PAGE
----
The in-house profession is constantly evolving and adding value. You sit alongside CEOs, vice presidents and the like –– and you are being listened to. You already know your value, even if you have to prove it to your companies every once in a while. You don’t necessarily need a census, or a survey for that matter, to tell you the great impact you have on the business. However, I thought you (and your companies) might want to know that the 2011 ACC Census, like the 2011 CLO Survey that came before it, echoed these sentiments.
ACC’s Census is the only comprehensive industry study that provides unique insight into your world as in-house counsel. To identify the trends affecting you, we surveyed almost 6,000 in-house lawyers (including CLOs and GCs) from the law departments of more than 4,000 companies.
The ACC Census is conducted every five years, and there have been great shifts in the economy (the financial crisis of 2008); the way we must practice law (increased government regulations); and the way our companies do business (growth of online media, social networks and privacy issues) between 2006 and 2011. These shifts have not only increased the responsibilities and role of in-house counsel, but they have also changed the relationship with outside counsel.
Evident in the findings of the ACC Census, in-house counsel are turning to outside counsel less frequently, opting to handle in-house much of the work traditionally farmed out to law firms (litigation, tax issues, etc.). Further, the in-house legal department budget has increased by more than 20 percent, indicating that companies are looking to their in-house counsel for efficiency in managing a larger share of financial resources. This all signals a continuing shift from large law firms to in-house law departments. It also suggests that by implementing value-based billing arrangements and other concepts advocated as part of ACC’s Value Challenge, in-house counsel will continue to offer the best and most economical results for their companies.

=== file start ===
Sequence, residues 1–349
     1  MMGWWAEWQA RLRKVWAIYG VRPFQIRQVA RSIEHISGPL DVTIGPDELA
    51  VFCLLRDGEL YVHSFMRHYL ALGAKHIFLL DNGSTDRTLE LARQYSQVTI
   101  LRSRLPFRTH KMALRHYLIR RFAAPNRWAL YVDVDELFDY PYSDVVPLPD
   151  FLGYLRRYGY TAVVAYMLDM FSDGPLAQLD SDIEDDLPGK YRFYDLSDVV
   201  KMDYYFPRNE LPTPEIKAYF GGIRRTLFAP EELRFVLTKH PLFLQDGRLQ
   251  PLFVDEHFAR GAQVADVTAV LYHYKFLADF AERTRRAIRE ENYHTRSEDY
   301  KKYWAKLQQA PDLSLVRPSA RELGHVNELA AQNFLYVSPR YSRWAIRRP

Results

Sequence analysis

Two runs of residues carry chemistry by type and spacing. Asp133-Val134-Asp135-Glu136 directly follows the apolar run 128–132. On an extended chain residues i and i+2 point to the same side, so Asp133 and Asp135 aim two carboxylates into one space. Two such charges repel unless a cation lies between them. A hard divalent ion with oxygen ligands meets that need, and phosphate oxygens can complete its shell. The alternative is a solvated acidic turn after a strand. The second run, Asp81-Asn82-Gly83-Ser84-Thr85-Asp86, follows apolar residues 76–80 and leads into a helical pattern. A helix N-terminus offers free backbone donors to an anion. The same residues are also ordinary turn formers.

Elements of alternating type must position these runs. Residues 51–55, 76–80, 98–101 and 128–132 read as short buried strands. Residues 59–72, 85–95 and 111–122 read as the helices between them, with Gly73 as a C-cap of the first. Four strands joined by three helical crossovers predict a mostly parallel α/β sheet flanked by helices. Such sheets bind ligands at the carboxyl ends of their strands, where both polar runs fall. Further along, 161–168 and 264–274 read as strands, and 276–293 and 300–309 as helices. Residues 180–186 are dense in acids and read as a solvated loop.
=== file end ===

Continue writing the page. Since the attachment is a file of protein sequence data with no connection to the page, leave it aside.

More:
Your focus has also shifted to issues of privacy. As I mentioned above, with an increased online presence, in-house counsel have to deal with the implications of this growth, and 11 percent of those surveyed said that privacy was now their primary discipline. Another practice area showing a significant shift is government regulation, with 18 percent of those surveyed indicating it as their primary discipline. This represents a substantial shift when you consider that in 2006, only 2 percent reported government regulation as a primary focus.
With the role of in-house counsel continuing to evolve and change, so does the legal department. This fact was also evident in the ACC Census findings, which revealed a sizable change from 2006 in how legal departments are structured.
Today, nearly three in four departments are centrally organized, meaning all of the attorneys are housed in the corporate center rather than cited at the location of the business units. According to the ACC Census, 73 percent of corporate law departments are organized this way –– up from 55 percent in 2006. Again, this shift, like the others identified, makes sense with the increasingly complex role of in-house counsel.
The few nuggets of information that I pulled from the ACC Census reinforce what you already know: Despite the regulatory challenges, heightened level of accountability, shifts in what you must focus on in your role, and overall changes in the way your companies do business –– your work is valued, you like what you do, and you are resiliently committed to the in-house bar.
And ACC is equally committed to you and your professional success.
Click here for more information on the 2011 ACC Census and to order a copy for your organization.